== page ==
A slave class? It aint necessarily so...

To alter humans so they can "forever" live in empty space (feeding on the Casimir effect) would set them free to leave the solar system and find "work" elsewhere.

But , as I mentioned earlier , the problem of how to survive the death of our universe remains unsolved...

#37 sigurdV

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Posted 11 January 2012 - 01:06 PM

There is one certainty though, as we move hundreds or even millions of years in the future humans will continue to replace/add our body parts with artificial ones. Anything from a contact lens to a to our heads floating around on a levitating disc.


Nah!

Within the next 200 years or so rich ppl will (like salamanders) be able to grow new bodily parts to replace the old ones (them then being consumed). No operations, no artificial parts.

In the same way the brain will be able to keep alive the same mind "forever".

#38 Eclogite

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Posted 27 January 2012 - 11:01 AM

But , as I mentioned earlier , the problem of how to survive the death of our universe remains unsolved...

Let there be light?

#39 sigurdV

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Posted 28 January 2012 - 07:31 PM

:lol:

Let there be light?

Or Rather: Let this be a joke :lol:

Still: The Mystery of Life and Universe is waiting for explanation/illumination.

PS Cant help suspecting they are connected in a Darwinian way...

You heard about the bees and the flowers huh?
Why couldnt the survivors be like bees searching for a new flower?
Then both life and universe has purpose :rolleyes:
You do have a better conjecture, dont you?

#40 arKane

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Posted 07 March 2012 - 03:41 AM

I would like to think we could live longer but unless there's quality of life, why would anyone want to? Then there's the idea that we're biologically programmed to die, the ceiling being 120 years:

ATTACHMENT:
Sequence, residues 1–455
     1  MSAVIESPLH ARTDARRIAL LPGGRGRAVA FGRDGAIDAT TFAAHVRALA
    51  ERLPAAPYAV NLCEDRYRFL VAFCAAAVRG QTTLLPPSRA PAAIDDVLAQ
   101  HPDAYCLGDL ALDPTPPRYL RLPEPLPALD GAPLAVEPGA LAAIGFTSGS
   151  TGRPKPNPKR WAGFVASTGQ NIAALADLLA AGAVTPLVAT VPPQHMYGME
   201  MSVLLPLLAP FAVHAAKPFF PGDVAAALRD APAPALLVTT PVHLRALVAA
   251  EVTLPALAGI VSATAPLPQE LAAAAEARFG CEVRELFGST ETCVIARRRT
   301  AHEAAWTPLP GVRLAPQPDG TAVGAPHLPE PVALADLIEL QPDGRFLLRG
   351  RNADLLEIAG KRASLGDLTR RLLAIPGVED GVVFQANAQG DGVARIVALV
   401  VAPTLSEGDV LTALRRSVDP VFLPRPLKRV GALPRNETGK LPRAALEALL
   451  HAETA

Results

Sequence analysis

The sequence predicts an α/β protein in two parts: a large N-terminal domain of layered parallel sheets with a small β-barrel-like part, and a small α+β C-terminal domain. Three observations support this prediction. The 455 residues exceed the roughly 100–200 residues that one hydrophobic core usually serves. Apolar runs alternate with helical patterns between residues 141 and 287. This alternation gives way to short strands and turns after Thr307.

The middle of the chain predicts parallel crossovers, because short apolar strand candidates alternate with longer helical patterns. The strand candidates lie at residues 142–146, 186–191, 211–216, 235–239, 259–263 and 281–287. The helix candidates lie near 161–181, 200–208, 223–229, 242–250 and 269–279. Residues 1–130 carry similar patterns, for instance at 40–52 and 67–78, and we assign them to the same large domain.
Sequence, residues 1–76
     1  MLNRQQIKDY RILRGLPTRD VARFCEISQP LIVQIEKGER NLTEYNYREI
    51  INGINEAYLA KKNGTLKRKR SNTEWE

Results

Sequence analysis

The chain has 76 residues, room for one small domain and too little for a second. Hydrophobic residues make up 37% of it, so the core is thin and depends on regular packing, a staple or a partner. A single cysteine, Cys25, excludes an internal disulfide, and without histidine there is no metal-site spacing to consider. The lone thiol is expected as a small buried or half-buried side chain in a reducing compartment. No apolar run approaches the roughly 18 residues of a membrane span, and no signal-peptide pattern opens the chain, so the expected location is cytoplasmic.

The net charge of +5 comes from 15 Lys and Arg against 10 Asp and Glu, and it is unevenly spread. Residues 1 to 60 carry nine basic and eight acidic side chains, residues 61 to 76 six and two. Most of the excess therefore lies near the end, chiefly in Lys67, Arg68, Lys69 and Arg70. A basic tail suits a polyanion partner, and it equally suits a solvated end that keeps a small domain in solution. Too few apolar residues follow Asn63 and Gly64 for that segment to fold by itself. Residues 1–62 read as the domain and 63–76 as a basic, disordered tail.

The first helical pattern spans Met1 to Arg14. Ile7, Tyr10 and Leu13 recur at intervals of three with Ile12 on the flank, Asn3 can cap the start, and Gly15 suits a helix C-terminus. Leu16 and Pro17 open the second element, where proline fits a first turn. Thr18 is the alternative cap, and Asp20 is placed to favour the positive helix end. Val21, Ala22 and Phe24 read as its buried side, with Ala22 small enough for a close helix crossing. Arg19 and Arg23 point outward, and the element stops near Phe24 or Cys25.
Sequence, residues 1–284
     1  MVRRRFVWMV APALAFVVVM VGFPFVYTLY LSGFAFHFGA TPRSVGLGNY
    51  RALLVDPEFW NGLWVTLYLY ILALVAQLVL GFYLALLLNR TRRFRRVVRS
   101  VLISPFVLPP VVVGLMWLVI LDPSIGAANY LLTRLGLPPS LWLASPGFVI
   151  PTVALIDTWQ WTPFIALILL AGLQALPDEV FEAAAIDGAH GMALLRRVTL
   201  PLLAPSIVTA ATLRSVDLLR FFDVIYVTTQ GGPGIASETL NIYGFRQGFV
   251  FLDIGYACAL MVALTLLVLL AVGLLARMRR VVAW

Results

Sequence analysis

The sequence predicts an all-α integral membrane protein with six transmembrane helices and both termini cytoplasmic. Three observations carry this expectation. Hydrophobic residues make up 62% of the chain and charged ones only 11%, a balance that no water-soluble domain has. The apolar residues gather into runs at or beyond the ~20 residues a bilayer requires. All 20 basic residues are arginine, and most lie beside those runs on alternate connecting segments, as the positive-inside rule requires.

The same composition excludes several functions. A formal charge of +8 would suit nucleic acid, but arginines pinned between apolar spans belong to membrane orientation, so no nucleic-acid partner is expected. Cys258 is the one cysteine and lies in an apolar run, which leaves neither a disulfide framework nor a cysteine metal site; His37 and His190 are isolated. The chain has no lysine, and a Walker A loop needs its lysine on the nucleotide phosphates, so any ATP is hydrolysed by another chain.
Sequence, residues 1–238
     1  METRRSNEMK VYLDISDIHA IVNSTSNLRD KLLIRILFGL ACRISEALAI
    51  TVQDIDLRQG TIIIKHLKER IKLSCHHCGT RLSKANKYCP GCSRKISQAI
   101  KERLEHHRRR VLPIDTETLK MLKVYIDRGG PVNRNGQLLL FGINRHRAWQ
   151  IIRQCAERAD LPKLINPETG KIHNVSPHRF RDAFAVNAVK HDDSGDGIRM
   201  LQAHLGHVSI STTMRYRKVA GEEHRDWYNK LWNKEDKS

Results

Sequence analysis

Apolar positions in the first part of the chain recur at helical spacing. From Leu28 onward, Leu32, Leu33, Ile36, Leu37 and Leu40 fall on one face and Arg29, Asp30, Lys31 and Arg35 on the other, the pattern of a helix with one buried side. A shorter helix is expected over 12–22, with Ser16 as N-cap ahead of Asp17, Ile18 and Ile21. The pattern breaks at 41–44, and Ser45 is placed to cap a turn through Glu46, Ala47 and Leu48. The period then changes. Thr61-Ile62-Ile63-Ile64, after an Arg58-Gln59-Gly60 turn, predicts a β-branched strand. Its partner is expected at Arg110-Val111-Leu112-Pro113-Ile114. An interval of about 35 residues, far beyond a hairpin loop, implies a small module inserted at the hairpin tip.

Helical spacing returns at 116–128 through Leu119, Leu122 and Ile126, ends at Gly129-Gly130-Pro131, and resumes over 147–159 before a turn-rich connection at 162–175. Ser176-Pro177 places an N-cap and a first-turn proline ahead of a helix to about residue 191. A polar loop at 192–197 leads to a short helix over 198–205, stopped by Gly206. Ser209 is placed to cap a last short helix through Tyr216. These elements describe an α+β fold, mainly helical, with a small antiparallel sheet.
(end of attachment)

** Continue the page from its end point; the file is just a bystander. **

http://www.bbc.co.uk...er_script.shtml

Other's believe the fountain of youth can be found in a bottle:
http://www.lieberton...9/rej.2010.1085


If anyone can have a longer quality life, will it be available to all or only a selected few? If people want to live longer they will need to have less children, will they be able to accept that? If the average life span of humans increased to 120 years, does anybody know what kind of disruptions that will cause in our society? What kind of trade offs will we have to make to have longer life spans?

#41 arKane

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Posted 07 March 2012 - 05:00 AM

But , as I mentioned earlier , the problem of how to survive the death of our universe remains unsolved...


Personally I don't mind the dark, but I think we need to get by the next couple of hundred years and then if we don't have nothing really urgent distracting us, maybe we can worry about it then.:)

#42 bravox

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Posted 07 March 2012 - 12:54 PM

I find those discussions about immmortality humorous. Given human nature, at some point or another every human being will wish to die. You can't avoid it. Even continuous pleasure eventually becomes a bore and a burden.

" The trumpet shall sound, and the dead shall be raised incorruptible, and we shall be changed "

You may or may not believe that the trumpet will sound, but it is obvious that you can't live forever if your nature is not changed.